The Associated Press Starts Attributing While The Chicago Tribune Gets Longer, Plus Other News of the Day

– The Associated Press has announced new rules when crediting other news organizations. AP will now recognize when spot news sources came from, in the body of the story. “We should provide attribution whether the other organization is a newspaper, website, broadcaster or blog; whether or not it’s U.S. based; and whether or not it’s an AP member or subscriber,” said AP Senior Managing Editor Michael Oreskes in the announcement of the new rules. This goes further than the past, when AP used a credit line at the end of stories.
Forbes is spreading its wings to another area of the world, and, no, not through the use of blogs. It has agreed to a licensing agreement with United Media Holding to publish a Ukraine version of the magazine. The first issue will launch in the first quarter of 2011.

– The Chicago Tribune will launch a new premium weekly edition in addition to the normal paper. It will cost $5 extra a week and will include long-form thought-provoking reporting and commentary, according to Chicago Reader‘s Michael Miner, who got his hands on a dummy version. “The Tribune is calling this new product by a rich and ancient name, Five Star-signifying the final edition, the one with the ball scores and theater reviews, the one a big city wakes up to in the morning,” wrote Miner. “Sources tell me the Trib hopes to roll it out in January.”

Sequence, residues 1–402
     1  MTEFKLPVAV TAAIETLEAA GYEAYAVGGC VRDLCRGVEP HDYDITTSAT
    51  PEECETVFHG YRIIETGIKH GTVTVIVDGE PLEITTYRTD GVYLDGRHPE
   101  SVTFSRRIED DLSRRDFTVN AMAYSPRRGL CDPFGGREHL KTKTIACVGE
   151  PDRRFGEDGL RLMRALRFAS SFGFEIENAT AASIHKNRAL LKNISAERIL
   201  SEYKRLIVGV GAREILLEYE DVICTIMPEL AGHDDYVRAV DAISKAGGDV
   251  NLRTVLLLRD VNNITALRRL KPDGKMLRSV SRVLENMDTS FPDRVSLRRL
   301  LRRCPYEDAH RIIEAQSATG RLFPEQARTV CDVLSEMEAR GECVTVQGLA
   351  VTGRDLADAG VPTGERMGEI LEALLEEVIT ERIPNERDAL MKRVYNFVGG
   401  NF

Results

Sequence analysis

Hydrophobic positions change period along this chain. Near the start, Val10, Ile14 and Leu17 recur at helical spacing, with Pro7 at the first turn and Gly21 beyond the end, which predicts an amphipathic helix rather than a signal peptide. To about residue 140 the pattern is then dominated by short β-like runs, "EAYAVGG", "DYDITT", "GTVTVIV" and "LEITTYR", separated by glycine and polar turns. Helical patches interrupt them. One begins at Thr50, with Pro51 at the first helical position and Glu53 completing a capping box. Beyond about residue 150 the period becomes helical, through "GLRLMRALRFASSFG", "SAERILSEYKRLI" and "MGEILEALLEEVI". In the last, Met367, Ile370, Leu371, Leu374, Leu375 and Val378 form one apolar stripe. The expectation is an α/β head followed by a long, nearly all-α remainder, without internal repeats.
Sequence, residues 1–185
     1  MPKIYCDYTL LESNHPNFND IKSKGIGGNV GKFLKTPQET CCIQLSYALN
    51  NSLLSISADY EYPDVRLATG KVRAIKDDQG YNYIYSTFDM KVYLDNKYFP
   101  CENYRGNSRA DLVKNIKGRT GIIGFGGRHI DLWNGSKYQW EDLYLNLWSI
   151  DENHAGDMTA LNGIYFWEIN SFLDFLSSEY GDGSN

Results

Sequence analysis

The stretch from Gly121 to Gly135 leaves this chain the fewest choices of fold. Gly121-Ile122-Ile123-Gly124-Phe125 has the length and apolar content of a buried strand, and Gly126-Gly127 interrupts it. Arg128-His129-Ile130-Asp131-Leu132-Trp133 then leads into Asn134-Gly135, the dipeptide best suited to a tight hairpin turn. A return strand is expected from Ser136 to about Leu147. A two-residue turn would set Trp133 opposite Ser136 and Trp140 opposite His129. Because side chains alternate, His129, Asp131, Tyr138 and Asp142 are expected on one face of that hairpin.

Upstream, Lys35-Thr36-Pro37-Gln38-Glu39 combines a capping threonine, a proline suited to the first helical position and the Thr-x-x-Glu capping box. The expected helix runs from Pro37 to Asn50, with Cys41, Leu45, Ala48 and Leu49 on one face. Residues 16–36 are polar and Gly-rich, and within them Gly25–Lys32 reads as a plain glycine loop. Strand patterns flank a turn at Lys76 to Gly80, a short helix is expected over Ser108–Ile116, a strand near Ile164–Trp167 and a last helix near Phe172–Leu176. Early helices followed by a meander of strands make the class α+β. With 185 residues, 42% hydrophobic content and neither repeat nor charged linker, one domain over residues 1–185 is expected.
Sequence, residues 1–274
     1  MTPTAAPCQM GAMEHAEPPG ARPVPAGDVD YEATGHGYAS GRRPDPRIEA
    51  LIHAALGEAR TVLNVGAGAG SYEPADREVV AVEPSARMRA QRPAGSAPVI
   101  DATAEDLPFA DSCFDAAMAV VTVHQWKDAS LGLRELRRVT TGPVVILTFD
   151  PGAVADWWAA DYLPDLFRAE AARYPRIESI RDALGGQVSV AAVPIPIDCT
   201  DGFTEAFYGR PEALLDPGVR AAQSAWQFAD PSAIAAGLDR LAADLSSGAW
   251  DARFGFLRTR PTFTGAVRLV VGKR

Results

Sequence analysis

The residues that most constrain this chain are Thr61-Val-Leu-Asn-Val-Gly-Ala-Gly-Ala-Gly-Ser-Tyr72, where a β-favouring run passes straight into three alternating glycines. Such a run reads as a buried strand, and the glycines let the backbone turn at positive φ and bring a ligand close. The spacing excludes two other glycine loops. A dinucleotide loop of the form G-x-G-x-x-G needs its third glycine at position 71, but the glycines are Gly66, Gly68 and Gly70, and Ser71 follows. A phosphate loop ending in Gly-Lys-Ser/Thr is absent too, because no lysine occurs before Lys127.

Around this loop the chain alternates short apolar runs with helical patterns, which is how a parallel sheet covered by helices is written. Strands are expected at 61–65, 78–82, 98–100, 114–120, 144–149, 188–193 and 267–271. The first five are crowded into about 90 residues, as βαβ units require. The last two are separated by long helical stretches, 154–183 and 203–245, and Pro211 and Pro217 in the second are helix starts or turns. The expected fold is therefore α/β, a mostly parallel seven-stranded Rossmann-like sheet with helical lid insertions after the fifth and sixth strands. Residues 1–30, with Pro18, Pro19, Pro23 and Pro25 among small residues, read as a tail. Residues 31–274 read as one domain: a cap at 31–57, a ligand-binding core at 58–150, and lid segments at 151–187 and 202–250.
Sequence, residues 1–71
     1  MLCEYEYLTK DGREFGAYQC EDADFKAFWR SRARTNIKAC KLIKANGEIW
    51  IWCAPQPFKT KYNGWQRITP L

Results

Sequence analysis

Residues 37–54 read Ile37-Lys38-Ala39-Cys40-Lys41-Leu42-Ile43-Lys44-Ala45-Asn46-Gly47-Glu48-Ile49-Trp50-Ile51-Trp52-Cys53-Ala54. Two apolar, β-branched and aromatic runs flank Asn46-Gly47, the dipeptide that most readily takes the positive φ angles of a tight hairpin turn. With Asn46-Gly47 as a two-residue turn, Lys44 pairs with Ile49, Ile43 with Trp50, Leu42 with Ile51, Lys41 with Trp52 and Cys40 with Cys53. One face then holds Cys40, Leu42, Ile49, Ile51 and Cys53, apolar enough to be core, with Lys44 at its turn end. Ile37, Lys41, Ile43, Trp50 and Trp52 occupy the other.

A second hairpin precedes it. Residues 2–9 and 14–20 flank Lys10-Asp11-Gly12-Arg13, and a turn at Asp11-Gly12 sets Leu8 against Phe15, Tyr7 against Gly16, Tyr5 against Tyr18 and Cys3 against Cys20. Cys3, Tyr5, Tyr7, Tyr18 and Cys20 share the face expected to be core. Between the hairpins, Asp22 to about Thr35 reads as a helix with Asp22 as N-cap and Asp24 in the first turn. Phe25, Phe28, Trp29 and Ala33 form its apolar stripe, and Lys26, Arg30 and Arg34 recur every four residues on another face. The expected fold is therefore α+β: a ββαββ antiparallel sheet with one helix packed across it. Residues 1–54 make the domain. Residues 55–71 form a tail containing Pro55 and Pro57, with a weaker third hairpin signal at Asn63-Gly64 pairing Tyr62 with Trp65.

– The Awl’s newest site, Splitsider launched in beta today. It’s the Awl’s attempt at humor. “It’s a blog about movies, TV shows, web videos, books and the people behind them,” said Adam Frucci – a former Gizmodo editor who joined the Awl to start Splitsider – to Ad Age. “But it’s centered around comedy. I feel like there’s a lot of talk these days about how the internet is changing entertainment, but I feel like comedy is really where that’s happening more than anywhere else. ‘Mad Men’ isn’t really threatened by three-minute YouTube videos — ‘SNL’ skits are.”

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